Field measurements on maximum runout from two different mountain ranges in Canada are presented and compared: the Coast Mountains in British Columbia and the Rocky Mountains. We include a statistical analysis of topographic terrain parameters such as starting zone catchment area, horizontal reach, vertical drop and relevant slope angles. Following McClung and Mears (1991), we derived a dimensionless parameter which is a measure of runout for each avalanche and we found that the runout ratios (defined below) for a given mountain range obey a Gumbel distribution consistent with previous results. In addition, we found that the runout ratios for both mountain ranges have a length-scale dependence which is potentially very important for land-use planning procedures: the mean value of the runout ratio decreases significantly as the horizontal reach increases. Together with data from other mountain ranges, our results show that path length effects will have to be incorporated when using statistical prediction methods for engineering zoning purposes.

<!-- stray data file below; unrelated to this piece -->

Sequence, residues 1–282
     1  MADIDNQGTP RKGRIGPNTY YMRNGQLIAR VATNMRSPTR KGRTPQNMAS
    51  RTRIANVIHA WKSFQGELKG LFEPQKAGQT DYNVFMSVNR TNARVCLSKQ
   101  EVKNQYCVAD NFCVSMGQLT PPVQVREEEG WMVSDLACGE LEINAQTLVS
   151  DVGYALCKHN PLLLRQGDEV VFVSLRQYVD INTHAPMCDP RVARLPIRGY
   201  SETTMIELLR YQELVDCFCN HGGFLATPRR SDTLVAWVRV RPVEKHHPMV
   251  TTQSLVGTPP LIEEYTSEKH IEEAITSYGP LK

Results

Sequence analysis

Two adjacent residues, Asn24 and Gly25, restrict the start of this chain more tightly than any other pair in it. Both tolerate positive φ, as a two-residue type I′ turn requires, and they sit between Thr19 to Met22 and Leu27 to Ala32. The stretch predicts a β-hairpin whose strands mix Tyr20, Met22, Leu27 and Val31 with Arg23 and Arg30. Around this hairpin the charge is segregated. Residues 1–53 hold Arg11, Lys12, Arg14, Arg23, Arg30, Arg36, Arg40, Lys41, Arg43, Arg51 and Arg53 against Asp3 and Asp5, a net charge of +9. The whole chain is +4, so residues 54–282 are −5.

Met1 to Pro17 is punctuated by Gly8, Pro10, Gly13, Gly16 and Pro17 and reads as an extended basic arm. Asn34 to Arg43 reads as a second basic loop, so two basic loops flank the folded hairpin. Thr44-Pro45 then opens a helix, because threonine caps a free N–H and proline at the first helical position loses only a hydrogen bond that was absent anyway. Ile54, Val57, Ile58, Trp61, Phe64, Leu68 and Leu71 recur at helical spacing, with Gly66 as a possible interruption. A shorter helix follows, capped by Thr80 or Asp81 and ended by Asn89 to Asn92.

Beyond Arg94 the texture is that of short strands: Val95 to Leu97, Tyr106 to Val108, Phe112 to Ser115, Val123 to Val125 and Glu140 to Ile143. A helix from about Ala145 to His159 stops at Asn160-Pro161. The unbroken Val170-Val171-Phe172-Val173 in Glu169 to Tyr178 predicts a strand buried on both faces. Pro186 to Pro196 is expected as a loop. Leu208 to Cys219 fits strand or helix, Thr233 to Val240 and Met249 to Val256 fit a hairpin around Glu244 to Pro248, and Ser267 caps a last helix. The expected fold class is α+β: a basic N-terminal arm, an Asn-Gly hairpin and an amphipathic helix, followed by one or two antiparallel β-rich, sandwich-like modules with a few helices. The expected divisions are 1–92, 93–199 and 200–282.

The runout ratio is defined as the quotient of two lengths, Δx/Xβ, where Δ is the horizontal distance from the 10° point to the maximum runout position, and Xβ
is the horizontal distance from the start position to the point where slope angle first declines to 10°.